Laboratory results have confirmed that the recent death of nine animals within the RM of Piapot #110, was due to anthrax. The RM is located within the southern part of the province just east of Maple Creek.
Saskatchewan Agriculture posted a release August 24, 2022, reminding producers to be on the lookout for anthrax in their animals and to be mindful about the conditions that can prompt the growth and spread of the bacteria.
“Changes in soil moisture, from flooding and drying, can lead to a build-up of the spores on pastures. Spores can concentrate in sloughs and potholes, and there is increased risk of animal exposure to anthrax in drier years when these areas dry up and become accessible. Spores can also surface when the ground is excavated or when there is excessive run-off,” says the Ministry.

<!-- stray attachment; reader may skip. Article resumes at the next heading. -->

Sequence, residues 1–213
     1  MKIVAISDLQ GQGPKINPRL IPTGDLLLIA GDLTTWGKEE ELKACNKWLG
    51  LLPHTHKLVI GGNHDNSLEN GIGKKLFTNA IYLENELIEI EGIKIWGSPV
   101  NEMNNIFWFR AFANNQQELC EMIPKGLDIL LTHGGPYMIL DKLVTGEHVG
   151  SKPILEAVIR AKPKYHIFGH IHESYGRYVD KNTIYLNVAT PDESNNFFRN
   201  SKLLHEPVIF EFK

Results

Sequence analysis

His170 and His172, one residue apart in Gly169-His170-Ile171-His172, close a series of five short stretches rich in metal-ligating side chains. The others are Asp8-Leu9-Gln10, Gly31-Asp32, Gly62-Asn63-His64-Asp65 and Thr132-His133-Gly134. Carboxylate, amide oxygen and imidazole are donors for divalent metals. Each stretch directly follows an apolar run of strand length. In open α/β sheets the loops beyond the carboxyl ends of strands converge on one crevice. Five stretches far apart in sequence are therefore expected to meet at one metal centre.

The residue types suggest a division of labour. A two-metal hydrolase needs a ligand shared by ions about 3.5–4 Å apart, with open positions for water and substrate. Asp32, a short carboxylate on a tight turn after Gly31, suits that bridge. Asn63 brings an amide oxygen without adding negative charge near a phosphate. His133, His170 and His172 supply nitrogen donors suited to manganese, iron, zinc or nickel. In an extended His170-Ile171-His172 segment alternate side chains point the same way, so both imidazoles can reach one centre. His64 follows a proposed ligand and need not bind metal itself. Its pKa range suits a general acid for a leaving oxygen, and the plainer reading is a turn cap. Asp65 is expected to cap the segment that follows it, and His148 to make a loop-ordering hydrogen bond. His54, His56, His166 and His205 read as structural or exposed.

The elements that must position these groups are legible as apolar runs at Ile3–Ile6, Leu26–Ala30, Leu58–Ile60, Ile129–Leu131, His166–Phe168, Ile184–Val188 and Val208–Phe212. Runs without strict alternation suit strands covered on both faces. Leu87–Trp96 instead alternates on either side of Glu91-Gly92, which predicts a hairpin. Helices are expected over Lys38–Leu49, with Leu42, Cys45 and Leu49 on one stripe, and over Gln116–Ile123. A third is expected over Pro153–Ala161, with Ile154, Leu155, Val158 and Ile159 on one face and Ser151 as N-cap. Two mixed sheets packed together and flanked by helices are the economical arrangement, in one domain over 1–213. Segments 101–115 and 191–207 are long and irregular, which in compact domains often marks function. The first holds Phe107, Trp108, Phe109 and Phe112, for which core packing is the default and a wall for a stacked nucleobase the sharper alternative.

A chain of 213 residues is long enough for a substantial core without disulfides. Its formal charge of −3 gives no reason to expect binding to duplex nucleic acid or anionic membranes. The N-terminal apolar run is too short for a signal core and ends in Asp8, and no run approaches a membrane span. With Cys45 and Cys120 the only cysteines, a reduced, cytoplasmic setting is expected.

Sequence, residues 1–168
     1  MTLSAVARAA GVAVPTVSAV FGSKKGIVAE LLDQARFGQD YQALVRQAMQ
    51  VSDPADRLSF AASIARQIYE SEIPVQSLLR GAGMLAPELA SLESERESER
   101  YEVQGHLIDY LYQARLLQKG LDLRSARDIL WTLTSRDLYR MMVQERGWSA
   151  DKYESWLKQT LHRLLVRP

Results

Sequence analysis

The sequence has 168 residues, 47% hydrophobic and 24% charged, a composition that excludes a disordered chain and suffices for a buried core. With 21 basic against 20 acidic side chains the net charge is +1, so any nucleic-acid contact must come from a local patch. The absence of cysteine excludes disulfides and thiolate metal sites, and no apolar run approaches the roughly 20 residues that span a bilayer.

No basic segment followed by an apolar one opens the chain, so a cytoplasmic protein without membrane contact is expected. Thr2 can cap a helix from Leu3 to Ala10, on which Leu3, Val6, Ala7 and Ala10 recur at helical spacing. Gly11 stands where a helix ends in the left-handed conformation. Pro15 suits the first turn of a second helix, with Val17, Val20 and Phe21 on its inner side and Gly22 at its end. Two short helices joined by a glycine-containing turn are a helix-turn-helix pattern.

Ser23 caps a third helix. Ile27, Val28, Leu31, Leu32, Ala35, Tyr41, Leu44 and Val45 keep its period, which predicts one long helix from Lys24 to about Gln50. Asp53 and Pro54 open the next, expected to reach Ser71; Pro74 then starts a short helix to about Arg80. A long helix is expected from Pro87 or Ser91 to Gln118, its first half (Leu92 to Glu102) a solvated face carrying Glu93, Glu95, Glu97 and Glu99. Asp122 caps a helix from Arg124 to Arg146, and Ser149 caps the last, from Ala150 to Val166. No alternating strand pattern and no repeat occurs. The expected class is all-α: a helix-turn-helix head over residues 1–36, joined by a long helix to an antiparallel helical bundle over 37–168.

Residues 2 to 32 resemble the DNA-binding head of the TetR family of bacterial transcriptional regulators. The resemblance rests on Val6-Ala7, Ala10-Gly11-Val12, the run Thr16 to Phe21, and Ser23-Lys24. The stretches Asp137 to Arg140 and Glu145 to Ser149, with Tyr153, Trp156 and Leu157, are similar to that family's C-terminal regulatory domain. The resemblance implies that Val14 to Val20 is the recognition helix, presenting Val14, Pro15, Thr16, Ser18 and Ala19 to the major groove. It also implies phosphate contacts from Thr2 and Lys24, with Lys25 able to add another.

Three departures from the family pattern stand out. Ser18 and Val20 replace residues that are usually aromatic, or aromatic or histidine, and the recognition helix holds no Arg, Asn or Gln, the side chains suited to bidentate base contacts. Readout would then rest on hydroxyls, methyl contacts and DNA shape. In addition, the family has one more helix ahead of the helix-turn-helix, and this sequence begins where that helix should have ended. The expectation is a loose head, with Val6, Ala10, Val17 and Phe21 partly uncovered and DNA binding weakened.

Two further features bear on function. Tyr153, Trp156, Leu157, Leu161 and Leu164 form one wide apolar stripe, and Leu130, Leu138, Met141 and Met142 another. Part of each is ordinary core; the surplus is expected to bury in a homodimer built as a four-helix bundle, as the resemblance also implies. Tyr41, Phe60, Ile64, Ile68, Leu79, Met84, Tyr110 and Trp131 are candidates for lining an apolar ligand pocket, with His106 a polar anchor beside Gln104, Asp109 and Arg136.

Animals that are the most susceptible are ruminants including bison, cattle, and sheep and goats, but horses can also become infected. Swine and birds are the most resistant. Although carnivores are somewhat resistant to the bacteria, the Ministry does warn that dogs and cats should be kept away from infected carcasses.
Carcasses of livestock that succumb to anthrax should not be moved or disturbed and producers should be wary of keeping them protected from scavengers such as coyotes and ravens to help prevent the spread of the bacteria. Those with suspected cases of anthrax should contact their vet for a diagnosis. If a laboratory result confirms the bacteria, the result needs to be reported to the provincial chief veterinary officer.
Animals can be protected against the bacteria through a vaccine, the province says.